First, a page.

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Updated Dec 18, 2023

The Most Common Interview Questions Hiring Managers Ask

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Max Freedman, Business Operations Insider and Senior Analyst

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Some hiring managers like to ask off-the-wall job interview questions, such as “What color crayon would you be?” or “How would your archnemesis describe you?” to see how the job candidate reacts under pressure. However, most interviewers would rather ask straightforward questions that apply to relevant work experience and skills than questions designed to throw unsuspecting candidates for a loop. Below, find the most common interview questions and examples of good answers.

How to answer common interview questions

Questions about the company and position

The interviewer has the candidate’s resume and cover letter and has likely already scoped out their social media accounts. However, the goal of the interview is to determine how good of a fit a person is for the open position. In all likelihood, every applicant has relevant experience and could be a strong candidate on paper. These hiring manager interview questions give you an opportunity to connect the dots on your resume by explaining, for example, why you chose to attend a specific university or why you left a previous position.

Question: “Why do you want to work here?”

Answer: “I want to work here because what your company does aligns with my values and interests in …”

Explain these interests in a few short sentences.

Question: What do you know about this company?

Answer: I know that [founder’s name] founded the company in 2023 and that your biggest [products or services] are …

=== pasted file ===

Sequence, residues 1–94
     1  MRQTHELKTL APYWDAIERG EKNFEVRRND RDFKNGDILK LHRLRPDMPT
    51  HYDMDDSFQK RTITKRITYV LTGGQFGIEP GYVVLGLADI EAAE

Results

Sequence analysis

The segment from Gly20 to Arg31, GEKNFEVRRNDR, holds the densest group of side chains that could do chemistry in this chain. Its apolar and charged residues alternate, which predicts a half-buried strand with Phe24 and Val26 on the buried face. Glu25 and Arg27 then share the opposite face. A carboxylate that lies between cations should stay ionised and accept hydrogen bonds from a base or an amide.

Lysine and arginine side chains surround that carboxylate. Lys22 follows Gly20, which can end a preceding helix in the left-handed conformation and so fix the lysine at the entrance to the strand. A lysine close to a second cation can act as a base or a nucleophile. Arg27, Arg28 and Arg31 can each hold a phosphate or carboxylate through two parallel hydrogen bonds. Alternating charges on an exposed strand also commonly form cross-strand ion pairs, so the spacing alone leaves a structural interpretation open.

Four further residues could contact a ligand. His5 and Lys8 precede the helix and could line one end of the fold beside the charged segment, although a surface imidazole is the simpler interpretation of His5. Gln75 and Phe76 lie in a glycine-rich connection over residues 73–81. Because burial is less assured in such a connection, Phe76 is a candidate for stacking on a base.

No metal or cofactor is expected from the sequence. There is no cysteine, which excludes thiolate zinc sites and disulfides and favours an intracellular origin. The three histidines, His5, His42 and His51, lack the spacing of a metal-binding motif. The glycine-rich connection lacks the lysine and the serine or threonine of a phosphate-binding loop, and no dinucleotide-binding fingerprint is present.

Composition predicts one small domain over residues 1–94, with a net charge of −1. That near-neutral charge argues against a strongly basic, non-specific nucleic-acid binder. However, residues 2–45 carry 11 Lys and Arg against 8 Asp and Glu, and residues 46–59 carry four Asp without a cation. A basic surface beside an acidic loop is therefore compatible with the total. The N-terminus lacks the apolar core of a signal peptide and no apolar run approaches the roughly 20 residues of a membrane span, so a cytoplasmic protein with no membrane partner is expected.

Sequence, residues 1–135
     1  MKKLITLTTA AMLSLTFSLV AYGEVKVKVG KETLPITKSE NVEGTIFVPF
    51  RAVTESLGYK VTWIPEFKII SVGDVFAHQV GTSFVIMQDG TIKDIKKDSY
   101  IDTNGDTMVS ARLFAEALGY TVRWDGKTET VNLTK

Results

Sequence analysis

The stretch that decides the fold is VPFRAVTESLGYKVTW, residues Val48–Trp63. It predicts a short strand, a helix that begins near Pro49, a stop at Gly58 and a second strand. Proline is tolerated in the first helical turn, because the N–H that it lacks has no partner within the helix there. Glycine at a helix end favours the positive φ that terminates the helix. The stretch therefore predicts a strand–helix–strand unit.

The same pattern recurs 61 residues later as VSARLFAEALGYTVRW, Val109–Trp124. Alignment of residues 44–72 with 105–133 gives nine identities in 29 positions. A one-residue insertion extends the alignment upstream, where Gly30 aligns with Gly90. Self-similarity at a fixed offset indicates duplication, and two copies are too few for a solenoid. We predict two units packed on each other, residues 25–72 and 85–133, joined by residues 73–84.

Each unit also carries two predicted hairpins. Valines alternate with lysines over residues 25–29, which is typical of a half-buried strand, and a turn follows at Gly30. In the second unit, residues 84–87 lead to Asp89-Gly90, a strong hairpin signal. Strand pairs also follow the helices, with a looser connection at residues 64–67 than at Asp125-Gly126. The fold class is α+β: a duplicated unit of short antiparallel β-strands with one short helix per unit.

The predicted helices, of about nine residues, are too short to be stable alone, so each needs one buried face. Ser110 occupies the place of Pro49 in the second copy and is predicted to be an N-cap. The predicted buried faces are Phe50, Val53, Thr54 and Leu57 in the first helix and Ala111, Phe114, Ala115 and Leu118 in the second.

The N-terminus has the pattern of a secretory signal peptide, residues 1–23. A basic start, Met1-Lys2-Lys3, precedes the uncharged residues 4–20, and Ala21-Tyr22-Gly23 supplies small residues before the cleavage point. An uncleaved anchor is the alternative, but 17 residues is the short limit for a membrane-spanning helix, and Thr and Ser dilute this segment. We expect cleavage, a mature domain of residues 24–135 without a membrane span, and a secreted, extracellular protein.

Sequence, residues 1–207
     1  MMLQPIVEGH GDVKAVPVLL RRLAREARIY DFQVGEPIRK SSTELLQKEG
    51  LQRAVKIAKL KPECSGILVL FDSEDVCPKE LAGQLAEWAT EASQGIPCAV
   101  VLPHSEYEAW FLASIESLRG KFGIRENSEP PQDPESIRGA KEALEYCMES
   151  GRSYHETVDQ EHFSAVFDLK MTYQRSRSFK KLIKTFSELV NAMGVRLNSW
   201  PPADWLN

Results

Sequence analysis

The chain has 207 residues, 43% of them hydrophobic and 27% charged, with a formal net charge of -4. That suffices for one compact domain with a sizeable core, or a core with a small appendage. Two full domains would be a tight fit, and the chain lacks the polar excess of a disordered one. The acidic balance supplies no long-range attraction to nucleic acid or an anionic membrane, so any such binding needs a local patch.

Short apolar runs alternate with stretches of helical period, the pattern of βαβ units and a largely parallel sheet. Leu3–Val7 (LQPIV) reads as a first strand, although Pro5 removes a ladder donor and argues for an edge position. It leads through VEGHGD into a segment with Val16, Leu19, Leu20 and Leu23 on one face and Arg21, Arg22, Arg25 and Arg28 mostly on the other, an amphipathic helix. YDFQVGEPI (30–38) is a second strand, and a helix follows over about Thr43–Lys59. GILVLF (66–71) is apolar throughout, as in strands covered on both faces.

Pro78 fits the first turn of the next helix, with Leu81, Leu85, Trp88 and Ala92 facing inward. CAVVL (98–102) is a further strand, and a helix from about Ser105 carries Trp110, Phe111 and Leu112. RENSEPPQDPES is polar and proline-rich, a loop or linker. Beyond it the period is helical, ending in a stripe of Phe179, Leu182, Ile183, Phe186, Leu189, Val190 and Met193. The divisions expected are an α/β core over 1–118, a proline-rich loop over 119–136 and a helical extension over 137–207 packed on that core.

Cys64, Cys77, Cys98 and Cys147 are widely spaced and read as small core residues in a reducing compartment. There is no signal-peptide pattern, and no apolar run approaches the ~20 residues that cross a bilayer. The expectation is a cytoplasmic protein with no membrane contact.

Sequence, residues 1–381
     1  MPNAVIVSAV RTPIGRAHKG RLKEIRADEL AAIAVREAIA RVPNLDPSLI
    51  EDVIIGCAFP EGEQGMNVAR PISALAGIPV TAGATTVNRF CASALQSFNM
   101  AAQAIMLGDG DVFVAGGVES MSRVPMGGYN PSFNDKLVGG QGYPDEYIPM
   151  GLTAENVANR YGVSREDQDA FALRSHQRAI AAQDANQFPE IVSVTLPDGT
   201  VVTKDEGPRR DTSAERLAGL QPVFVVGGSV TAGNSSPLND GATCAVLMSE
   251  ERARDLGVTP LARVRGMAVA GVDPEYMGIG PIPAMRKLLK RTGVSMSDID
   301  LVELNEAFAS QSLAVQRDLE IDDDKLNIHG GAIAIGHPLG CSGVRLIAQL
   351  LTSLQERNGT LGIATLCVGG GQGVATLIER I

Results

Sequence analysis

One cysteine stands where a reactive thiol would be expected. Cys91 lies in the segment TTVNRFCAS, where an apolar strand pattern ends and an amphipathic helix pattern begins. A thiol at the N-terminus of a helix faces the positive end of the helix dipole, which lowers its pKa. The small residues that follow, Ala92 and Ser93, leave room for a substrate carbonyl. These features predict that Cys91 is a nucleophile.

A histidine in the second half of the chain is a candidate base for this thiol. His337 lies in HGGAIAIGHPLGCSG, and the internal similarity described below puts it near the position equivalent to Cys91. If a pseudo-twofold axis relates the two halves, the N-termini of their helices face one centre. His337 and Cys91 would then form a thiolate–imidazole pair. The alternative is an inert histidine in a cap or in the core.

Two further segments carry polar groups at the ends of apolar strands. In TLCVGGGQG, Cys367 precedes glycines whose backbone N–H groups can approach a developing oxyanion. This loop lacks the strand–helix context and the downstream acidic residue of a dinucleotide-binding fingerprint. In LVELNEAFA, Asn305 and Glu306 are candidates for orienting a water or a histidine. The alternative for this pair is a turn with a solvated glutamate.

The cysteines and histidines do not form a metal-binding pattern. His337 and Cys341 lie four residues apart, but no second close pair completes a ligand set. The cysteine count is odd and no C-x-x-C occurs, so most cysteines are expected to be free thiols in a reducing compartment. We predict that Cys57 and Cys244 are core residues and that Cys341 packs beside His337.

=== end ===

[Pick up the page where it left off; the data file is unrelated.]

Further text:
For an especially powerful answer to this common interview question, you could share what you know about how the company’s products or services differ from competitors’.

Question: Why are you interested in this position?

Answer: I’m interested in this position because … 

Describe how the position’s responsibilities match your interests. You should also mention how anything unique about the company ties into your interest in the position.

Question: What makes you a good fit for this position?

Answer: The answer to this question could be roughly the same as the one above, but replace your interests with your skills, background or other qualifications.

FYIDid you know

Learning to give concise but meaningful answers is one of the most important job interview skills.

Questions about your experience

Just about every resume the interviewer receives should explain the applicant’s relevant career experience. The interviewer already has a list of your previous jobs and skills, so these questions about your job experience allow you to delve deeper and be specific. Rather than reiterate the information the interviewer already has, take this opportunity to state how your previous experience would directly transfer to this new company and how that could benefit the company.

Question: What did you like or dislike about your last job?

Answer: I liked that I got to …” Name a few favorite tasks. Don’t be afraid to give details, but keep it brief. 

Name one thing you disliked, and keep it short. You don’t want to come off as ungrateful, snobby or difficult to work with.

Question: Tell me about your work experience.

Answer: I got into this field with [describe your first job a bit]. I moved on to [describe your next job a bit].” 

If your resume is long and includes many positions, you don’t need to share extensive details about each one. Focus on the most meaningful, relevant jobs you’ve held.

Question: Why did you leave your last job?

Answer: I was ready for a change. I liked what I was doing, but I knew I was capable of more and needed to go elsewhere to achieve that growth.” 

Of course, if your reason is different, state your actual reason — just do what this example does and stay general but meaningful without saying anything negative.